What contaminants lurk in the urban subsurface, and what happens to them once they're there? Do they make their way into storm drains and creeks to reach groundwater, or even oceans? Or do they naturally attenuate as they migrate through soils, somehow allowing them to self-cleanse as they travel? A UC Santa Barbara researcher hopes to find out, thanks to a generous new gift to fund her work.
Longtime water industry executive Henry H. Wheeler, Jr. has awarded $1.25 million to the Bren School of Environment Science & Management for Professor Patricia Holden's new initiative, "Urban Water Environment," a research and training program on urban water quality. The dual-thrust endeavor looks to identify and quantify threats to surface waters and groundwater in urban environments –– and determine how to mitigate them.
"Henry Wheeler's strategic and visionary philanthropy will make a meaningful difference in addressing local and global water quality issues; I am honored to thank him for his leadership and generosity in supporting this critical initiative on water contaminant processes and management," said Chancellor Henry T. Yang. "We are extremely proud of Professor Holden's accomplishments and continuing research efforts on microbial ecology and engineered nanoparticles in the vadose zone."
"This is a generous gift by someone who understands water inside and out, and how important research can be in creating solutions to water quality threats," Holden said of Wheeler. "He understands that this is the way we live now, in urban environments. It's not just about the pipes underneath our roads and buildings. It really is all one system. We have potable water to drink and shower with, but we generate waste streams that can then threaten the very resource that cities depend upon –– ongoing sources of clean water. Rainfall running off polluted surfaces becomes a sort of waste stream. Industries and businesses store and spill contaminants underground. How are we managing those water pollution sources in ways that protect the entire urban water environment?"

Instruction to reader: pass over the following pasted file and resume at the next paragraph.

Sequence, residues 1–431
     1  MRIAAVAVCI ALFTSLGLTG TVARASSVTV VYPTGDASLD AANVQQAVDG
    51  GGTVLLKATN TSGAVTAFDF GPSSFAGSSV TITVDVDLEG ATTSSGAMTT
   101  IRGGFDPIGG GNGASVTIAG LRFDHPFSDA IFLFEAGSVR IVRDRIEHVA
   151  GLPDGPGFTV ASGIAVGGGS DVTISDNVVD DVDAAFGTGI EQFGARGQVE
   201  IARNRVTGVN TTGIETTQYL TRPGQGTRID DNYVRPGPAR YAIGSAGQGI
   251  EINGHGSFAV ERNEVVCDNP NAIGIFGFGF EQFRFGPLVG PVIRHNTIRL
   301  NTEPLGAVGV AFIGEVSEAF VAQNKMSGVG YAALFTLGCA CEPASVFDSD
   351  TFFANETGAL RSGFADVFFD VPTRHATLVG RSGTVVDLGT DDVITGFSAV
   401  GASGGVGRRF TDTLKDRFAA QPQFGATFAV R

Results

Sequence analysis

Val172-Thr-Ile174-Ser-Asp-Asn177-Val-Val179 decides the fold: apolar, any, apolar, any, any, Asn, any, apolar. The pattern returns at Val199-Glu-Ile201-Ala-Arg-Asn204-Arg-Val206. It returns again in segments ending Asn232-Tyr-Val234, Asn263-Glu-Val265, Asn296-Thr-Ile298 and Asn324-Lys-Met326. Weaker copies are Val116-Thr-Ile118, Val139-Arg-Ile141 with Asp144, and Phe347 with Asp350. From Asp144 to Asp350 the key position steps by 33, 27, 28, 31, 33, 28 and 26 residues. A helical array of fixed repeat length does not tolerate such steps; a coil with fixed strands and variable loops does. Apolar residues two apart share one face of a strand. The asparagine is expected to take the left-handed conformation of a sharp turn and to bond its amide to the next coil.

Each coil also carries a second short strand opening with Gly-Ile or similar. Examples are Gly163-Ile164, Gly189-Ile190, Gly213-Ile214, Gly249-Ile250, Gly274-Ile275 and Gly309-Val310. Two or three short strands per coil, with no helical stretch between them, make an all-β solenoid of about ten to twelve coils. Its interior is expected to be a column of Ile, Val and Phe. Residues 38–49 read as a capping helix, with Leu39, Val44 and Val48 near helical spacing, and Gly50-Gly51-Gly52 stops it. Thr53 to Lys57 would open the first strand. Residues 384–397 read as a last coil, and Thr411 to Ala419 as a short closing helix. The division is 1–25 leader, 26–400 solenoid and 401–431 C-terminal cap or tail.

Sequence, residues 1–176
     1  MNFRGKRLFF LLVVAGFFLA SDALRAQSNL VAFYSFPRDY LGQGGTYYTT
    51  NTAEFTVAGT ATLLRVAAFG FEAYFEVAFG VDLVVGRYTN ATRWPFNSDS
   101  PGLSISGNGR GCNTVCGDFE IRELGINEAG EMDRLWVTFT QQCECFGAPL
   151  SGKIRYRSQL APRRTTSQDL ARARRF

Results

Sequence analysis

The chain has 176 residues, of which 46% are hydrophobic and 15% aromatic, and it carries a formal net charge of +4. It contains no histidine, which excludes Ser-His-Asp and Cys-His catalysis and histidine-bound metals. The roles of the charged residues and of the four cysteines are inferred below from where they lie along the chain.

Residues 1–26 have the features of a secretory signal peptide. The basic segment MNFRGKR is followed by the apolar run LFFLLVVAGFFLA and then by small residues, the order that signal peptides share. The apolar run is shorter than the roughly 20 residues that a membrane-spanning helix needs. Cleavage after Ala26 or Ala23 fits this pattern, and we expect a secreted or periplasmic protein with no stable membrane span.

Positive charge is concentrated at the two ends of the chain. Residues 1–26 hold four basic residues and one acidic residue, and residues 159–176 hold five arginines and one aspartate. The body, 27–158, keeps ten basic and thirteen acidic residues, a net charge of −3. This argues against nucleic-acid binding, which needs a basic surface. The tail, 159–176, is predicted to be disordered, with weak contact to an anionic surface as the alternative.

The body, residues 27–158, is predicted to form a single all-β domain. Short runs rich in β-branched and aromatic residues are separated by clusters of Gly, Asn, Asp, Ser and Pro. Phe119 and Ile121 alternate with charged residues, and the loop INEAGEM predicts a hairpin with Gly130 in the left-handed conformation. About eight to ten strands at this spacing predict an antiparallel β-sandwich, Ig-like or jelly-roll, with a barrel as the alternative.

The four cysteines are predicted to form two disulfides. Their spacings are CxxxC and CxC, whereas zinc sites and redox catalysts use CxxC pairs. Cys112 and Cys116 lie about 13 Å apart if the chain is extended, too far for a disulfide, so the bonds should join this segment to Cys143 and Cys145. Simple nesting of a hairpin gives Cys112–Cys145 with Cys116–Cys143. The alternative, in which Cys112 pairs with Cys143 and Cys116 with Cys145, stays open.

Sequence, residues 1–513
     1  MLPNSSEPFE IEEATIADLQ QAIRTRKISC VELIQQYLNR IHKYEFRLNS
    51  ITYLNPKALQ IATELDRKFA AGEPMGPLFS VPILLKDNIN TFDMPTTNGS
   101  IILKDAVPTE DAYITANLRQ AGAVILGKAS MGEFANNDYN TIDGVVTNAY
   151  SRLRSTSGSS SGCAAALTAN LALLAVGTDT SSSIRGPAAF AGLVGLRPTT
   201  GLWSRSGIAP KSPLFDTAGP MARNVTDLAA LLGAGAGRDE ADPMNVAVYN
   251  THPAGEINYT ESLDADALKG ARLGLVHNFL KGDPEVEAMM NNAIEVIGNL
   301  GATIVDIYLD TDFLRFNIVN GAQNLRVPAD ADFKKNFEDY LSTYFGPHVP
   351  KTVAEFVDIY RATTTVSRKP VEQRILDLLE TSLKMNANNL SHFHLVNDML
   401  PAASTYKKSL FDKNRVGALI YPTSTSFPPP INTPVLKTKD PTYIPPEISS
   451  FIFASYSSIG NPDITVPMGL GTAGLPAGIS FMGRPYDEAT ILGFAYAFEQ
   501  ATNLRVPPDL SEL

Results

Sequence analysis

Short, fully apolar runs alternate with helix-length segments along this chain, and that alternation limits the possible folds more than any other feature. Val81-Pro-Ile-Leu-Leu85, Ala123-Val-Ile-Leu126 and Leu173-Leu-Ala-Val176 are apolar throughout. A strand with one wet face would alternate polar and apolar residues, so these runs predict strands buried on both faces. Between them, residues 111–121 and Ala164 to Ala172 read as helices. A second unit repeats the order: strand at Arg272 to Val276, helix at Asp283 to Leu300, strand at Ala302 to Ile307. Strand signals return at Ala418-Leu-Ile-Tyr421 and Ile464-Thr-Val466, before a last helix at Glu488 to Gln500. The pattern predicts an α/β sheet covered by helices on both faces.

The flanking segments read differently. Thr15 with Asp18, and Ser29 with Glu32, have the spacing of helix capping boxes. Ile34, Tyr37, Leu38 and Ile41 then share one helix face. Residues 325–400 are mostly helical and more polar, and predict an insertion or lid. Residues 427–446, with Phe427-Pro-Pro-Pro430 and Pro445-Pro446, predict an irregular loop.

Wheeler, whose family founded the Park Water Company in Downey, Calif., approached Holden after reading her earlier research, which employed DNA and dye tracer techniques to reveal the presence of human waste in creeks and storm drains, indicating underground sewer leakages.
"Coming from the water business, I know how we worry about underground infrastructure," Wheeler said. "People tend to take it for granted. They think it's down there and it's OK, but it's not. Leaking sewer pipes are a huge problem, and it's not just a local problem; it's ubiquitous."
"We need to know if water is a factor in disease or not, and if it is, we need to remediate it," he added. "That requires good science, and Dr. Holden and the Bren School are up to the task. I wanted to support her and her team, because they're the boots on the ground in those efforts."